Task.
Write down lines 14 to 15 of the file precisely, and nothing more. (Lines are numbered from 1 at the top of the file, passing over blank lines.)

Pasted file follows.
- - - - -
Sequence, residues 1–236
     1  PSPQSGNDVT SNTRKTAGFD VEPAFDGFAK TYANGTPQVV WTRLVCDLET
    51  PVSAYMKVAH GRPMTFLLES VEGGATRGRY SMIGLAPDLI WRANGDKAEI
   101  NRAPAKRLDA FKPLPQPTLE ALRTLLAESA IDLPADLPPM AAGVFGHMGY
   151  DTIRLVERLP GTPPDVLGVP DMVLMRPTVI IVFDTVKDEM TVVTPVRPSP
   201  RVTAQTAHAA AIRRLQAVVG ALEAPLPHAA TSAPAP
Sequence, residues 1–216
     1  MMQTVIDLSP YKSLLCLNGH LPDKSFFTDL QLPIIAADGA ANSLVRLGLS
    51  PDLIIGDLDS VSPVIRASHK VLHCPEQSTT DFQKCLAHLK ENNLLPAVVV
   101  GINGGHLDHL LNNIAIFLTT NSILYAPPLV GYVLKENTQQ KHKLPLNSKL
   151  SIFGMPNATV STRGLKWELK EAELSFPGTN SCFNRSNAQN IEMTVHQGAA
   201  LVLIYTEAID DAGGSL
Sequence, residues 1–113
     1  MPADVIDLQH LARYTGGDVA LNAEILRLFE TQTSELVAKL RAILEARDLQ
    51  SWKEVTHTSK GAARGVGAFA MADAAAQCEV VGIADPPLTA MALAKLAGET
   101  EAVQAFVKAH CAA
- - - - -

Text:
     1  MPADVIDLQH LARYTGGDVA LNAEILRLFE TQTSELVAKL RAILEARDLQ
    51  SWKEVTHTSK GAARGVGAFA MADAAAQCEV VGIADPPLTA MALAKLAGET